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STOCK EXCHANGE SLANG. (From the Money Market Hevieic.) Stock Exchange phraseology and practice belong alone to the Stock Exahange, and are unknown in other commercial pursuits. The uninitiated ma.ny, well versed in ordinary commerce, or law, or physic, would be puzzled to detine the precise meaning of a "contango," or a "backwardation," of a "bull account," or a bear account, of a purchase or sale for the coming out," of dealing in options," and of "giving for the put," or "giving for the call," or "giving for put and call," of buying or selling for account," and of buying and selling at eighths," sixteenths," thirty seconds," or fiddles." A West end magnate or an East-end tallow-chandler would alike stand aghast at the announcement that they had bought a thousand "mummies," "hve hundred babies," or a hundred pots," and yet they might do these things in sober reason without much harm to themselves or their wealth. Mummies" a^e, in Stock Exchange slang, Egyptian stock, babies" Alliance Bank new shares, and "pots" North Staffordshire Railway shares; and the motive tor these and other similar namesâapart from a certain humorous tendency which pervades the establishmentâis, no doubt, mainly their brevity, which in the hurry and turmoil of Stock Exchange business is useful if not imperative. It is easier to use one short word well understood by all than half a dozen, and it takes less time to ask a dealer his price in "babies" than in Alliance Bank new shares, or in "pots" than North Staffordshire Railway Shares. Neurly every stock dealt in in the Stock Exchange has its abbreviation or nickname, and the practice is u pheld on the grot nd £ its being useful and economical, The quaint and humourous style of nomenclature wbich we have given specimens, is, indeed almost pecu- liar to the Stock Exchange; very harmless it is, sometimes very smart, but not usually tor refined. But the general, as distingaishedt rom the special, phraseology of the Stock Exchange, o which we first alluded, describes a class of business which is peculiar to that institution. In ordinary commerce goods are bought and sold for cash or a certain term of creatt, and the transaction is concluded at the time specined but in the Stock exchange business every- thing is done for account or for a "special settling day;" unless, as the exception to the rule, a special bargain is made for cash or immediate transfer. The account now means a fortnightly or twice a month settlement, but in fcriner daj s it meant a much longer period. In speculative busints:" which perhaps con- stitutes the bulk, although the bargaius are made for the fortnightly settlement or account," they may be continued on certain terms, and for a consideration to the next account," and so on, by repetitions of the process, to an almost indefinite period. In a bull" transaction, i.e., a purchase for a rise in price, in which the purchase value is not paid and the stock not delivered, the continuation from account to account, or from one fortnightly settlement to nnother,may be effected by payment of a contango," or the cost of continuation- In a bear transac- tion-i c a sale for a fall in priceâin which the val le of the stock is not paid by the buyer, and the stock not delivered by the seller, the continuation from account to account, if the stock be scarce in the market, m»y be effected by the payment of a back- wardation." Tne indefinite prolongation of a specula- tion is thus peculiar to Stock Exchange business, and the method is thus expressed by these two words of j Stock Exchange coinage, contango and back- | warSfJ°n'» jThe rates for contango and back- as deP,eild chiefly on the state of the account befo^« fi? the "making up day," that is, two days i-dihpro acc°unt day," when the brokers and of the â¢or <?ealers arrange the transactions nurcbaapa ls, a bul1 account," or more tinned," the rates fo- rf.qniri°g be ''covn; lv,o rates tor contango" are high J five oi1j Pue^hases prove to be real instead of specula' mo i f fu j j8,Paid f°r and withdrawn from the market, the demand for contango is small and the ra eslow. Oa the other hand, if the fpeculative sales t. r the fall are found, on making up," to exceed the speculative purchases for the rise, it is designated a bear account," and the rates for "continuation "are low, or it may even be that the rates of backwarda- tion. are high; but real sales increase the supply of stock in the market, and tend to diminish rates of 'l-ackwardation." Dealings for the "coming out," or ?r a ",sPecial settlement," refer only to stock and shares of new creation. As soon as a new company or loan is announced, the shares or scrip are dealt in for the special settling day to be named by the committee of the Stock Exchange after the "coming out," or after the issue of the scrip or certificates necessary for a settlement. Option dealing, or giving for the put" or "call," or "giving lor the put and call," is a business of itself, not to be touched by a bungler, but very safe to a clever j obber, as well as to the public. The public always "give" or put or call," and the jobber" always "takes." n giving for tbe call," the outside speculator, pays, nrough his broker, to the Stock Exchange o'^r certain sum of money in consideration a Rie latter undertaking to deliver t.¡¡ him on at a jn> day. a. certain quantity of stock or shares course, tSe Pnce~and "giving for the put" is, of cail" the jobb^r^P_e/atio°- "taking for the "taking for the pbd,?rt,akes to deliver stock, and m rate for put and call >*Fees to take stock. The stock, the probabilities o?1f^ â¢th D,ature °j length of time for which the present, without asking the priced a"<?0pt £ ,n » Consols, we may assume that it moderate, because the speculation in tfifc~, moment, is trifling, and the fluctuations portant, with nothing in prospect likely to reuj^- them violent; but if any speculator more far-seeing than others should tow, by superior intelligence, or information, anticipate any decided movement ia Consols, either upwards or downwards, he can buy the "option" of "put" or "call" or both at a price which will yield him a profit, while the jobber who sells him the option will scarcely lose if he understands his business. This, at tbe first glance, will appear almost an impossibility, but it is as a rule quite true, and experience has shown that the insurance of lives and ships, or the discount 011 bills of exchange, is not a safer occupation than that of "option jobbing." To persons familiar with these transactions, and versed in Stock Exchange practice and technicalities, these explanations will seem almost superfluous, but to the majority of our readers the minute machinery of this engine, whereby empires are ruled, armies equipped, cities watered and lighted, oceans traversed, and distance conquered, is wholly unknown, and to these we have endeavoured to lay bare a page unread in a book hjtherto scarcely opened.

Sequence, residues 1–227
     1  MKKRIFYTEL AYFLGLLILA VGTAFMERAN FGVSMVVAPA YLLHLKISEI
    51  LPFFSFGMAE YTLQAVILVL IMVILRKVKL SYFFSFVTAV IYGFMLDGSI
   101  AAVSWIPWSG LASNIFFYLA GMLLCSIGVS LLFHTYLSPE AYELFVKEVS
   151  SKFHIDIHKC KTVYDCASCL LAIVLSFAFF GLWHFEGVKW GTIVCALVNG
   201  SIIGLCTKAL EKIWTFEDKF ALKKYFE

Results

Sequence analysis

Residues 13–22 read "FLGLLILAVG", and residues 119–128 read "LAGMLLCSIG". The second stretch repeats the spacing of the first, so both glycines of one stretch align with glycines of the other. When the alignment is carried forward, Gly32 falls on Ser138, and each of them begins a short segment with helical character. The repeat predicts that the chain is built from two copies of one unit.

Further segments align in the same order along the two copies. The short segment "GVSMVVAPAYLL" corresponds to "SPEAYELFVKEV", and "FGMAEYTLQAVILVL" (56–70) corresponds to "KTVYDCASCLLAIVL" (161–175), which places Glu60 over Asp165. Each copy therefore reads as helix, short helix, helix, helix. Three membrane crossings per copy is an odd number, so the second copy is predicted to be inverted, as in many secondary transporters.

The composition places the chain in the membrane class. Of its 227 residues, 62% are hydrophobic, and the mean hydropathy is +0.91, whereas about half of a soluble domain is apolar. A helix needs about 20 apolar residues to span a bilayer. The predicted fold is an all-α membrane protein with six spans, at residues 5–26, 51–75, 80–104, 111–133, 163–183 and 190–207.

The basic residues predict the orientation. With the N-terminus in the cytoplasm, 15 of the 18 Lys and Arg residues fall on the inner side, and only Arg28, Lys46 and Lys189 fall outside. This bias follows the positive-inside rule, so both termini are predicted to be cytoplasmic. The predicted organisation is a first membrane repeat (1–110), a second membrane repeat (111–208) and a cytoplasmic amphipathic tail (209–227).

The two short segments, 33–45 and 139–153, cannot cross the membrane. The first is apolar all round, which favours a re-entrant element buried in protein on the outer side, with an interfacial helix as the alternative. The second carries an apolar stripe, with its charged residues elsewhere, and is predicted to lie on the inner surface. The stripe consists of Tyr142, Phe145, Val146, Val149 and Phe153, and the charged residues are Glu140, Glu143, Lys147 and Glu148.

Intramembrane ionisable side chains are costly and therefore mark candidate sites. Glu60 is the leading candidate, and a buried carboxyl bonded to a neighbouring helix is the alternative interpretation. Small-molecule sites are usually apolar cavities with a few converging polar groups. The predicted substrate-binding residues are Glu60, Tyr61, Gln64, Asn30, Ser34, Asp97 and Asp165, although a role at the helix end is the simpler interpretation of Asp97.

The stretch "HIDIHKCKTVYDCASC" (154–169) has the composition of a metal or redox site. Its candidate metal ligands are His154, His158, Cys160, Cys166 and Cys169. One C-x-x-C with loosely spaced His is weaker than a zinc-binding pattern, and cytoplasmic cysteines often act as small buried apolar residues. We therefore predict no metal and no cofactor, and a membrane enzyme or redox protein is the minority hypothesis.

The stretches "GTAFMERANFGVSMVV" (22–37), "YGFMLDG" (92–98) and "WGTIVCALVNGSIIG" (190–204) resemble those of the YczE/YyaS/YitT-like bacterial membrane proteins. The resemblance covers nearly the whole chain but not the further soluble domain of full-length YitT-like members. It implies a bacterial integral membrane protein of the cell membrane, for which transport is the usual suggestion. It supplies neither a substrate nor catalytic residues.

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THE MARKETS.